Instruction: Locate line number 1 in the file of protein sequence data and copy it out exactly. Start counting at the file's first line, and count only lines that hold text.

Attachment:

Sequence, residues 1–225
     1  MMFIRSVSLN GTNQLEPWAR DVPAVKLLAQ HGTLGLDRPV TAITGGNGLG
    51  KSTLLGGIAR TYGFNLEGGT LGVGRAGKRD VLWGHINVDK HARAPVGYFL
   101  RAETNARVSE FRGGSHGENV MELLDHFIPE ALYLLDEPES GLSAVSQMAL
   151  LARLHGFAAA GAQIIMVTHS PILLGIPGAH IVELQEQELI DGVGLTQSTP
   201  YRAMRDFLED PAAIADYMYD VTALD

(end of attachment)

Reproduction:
Sequence, residues 1–225